Planning 10G PON
JU LY/ A UG 201 2 5 ®
DAVID RUSSELL is solutions
marketing director at Calix .
By DAVID RUSSELL
The right strategy
on whether you expect
to use 10G EPON
C OMMERCIAL deployments
of 10- Gbps passive optical
networks ( 10G PONs) are
just in their infancy. But all service
providers need to plan now how they
will deploy these new technologies
on top of their existing networks.
Luckily, the working groups that
created these standards, the ITU
( FSAN) and IEEE, took into account
carriers’ network migration concerns.
A few simple planning steps today
should eliminate a lot of headaches
down the road when service providers
are ready for 10G PONs.
10G PON standards
To understand the 10G PON
migration strategies, it is helpful
to have a basic understanding
of the 10G PON standards.
10G EPON. The first completed
10G standard was IEEE 10G EPON
( 802.3av) in September 2009. The
vendor community has completed
technology development based
on this standard, and products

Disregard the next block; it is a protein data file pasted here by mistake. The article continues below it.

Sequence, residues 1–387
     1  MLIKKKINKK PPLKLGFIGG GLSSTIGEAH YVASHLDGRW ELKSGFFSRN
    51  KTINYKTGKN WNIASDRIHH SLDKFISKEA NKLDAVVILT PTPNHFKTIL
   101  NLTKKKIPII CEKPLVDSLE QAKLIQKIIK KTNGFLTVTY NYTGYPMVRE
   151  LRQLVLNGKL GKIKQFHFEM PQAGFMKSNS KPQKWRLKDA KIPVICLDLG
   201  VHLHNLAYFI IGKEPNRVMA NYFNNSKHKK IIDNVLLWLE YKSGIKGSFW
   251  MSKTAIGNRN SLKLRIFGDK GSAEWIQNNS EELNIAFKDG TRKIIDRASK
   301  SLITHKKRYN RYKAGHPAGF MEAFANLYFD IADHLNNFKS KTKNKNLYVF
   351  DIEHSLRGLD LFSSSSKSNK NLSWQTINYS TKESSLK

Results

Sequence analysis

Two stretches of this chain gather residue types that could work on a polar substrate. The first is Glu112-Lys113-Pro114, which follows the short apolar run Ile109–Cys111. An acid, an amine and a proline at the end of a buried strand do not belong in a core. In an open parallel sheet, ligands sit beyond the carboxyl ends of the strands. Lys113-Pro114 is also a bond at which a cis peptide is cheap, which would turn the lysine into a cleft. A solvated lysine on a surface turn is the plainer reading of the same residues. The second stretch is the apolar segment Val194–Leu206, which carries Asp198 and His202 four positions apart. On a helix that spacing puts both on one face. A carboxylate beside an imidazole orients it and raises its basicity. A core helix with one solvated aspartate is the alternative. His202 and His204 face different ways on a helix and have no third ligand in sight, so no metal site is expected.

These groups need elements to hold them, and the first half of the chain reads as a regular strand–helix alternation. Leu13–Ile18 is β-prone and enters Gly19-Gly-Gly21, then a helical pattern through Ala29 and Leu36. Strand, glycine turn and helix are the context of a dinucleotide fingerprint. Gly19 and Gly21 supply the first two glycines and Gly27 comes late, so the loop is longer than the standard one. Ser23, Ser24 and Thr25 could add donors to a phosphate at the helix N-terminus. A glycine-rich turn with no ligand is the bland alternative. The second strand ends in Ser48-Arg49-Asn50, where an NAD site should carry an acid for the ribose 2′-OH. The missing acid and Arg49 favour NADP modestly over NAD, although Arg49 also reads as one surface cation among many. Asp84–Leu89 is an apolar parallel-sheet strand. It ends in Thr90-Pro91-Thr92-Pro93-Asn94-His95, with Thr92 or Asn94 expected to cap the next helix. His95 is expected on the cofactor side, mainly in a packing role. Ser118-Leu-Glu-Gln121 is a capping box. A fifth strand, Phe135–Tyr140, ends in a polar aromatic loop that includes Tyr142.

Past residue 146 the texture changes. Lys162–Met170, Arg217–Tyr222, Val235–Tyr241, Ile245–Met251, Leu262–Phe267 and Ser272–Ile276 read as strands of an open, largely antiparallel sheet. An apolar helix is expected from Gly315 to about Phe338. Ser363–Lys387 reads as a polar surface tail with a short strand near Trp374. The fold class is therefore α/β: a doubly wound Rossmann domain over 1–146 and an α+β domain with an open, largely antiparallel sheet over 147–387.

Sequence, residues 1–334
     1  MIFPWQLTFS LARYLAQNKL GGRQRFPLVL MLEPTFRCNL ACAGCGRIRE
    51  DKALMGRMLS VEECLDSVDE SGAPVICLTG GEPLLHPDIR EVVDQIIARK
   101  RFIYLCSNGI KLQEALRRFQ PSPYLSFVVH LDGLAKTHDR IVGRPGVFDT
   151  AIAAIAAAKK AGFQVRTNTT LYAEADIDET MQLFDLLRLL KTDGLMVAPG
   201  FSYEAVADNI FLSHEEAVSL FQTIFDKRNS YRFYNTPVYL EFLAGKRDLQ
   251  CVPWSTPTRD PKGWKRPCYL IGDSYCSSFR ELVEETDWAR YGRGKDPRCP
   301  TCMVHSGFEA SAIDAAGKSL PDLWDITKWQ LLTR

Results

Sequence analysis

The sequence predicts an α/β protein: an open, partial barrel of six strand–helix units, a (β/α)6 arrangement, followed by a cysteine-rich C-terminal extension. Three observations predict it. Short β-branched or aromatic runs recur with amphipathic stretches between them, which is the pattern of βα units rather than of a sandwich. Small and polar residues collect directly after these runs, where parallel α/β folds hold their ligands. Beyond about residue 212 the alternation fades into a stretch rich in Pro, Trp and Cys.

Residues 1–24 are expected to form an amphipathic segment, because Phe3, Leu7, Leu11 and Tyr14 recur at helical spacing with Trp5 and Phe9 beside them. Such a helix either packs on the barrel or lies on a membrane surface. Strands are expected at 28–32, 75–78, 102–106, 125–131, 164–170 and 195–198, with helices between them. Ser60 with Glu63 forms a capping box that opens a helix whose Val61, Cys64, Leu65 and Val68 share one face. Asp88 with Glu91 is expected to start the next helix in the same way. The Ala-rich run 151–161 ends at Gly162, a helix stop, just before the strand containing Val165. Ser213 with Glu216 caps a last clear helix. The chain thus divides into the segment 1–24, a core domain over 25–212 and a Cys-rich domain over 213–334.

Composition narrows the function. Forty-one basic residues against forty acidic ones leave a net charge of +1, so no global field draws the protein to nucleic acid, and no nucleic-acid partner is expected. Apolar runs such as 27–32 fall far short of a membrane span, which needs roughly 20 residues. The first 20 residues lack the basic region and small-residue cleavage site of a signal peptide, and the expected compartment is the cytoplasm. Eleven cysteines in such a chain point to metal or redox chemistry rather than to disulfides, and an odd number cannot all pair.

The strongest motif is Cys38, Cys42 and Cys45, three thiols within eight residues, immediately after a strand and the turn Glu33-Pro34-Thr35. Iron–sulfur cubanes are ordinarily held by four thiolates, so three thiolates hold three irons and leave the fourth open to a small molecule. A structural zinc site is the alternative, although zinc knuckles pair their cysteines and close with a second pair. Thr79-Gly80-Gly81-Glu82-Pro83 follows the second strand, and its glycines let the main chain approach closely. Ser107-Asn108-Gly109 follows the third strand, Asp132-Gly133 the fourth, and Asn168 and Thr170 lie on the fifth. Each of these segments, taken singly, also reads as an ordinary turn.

are now commercially available.
IEEE 10G EPON supports both
10G downstream/ 10G upstream
as well as a 10G downstream/ 1G
upstream formats. In both cases,
the downstream transmission
uses a 1577- nm wavelength. In the
upstream, the 10G version uses
1270 nm and the 1G uses 1310
nm ( from 1260 nm to 1360 nm).
10G GPON ( G. 987). The ITU
ratified the 10G GPON standard,
officially known as XG- PON (“ X”
being Roman numeral 10), in June
2010. There are as yet no known
commercial deployments. The
IEEE and the ITU coordinated
on their wavelength selection,
so XG- PON uses 1577 nm in the
downstream and 1270 nm for the
upstream. Figure 1 diagrams the
10G EPON and GPON standards.
FSAN, which acts as a working
group for the ITU on PON standards,
continued to work on a standard
beyond XG- PON. This standard
is referred to as NG- PON2. A
variety of technologies have been
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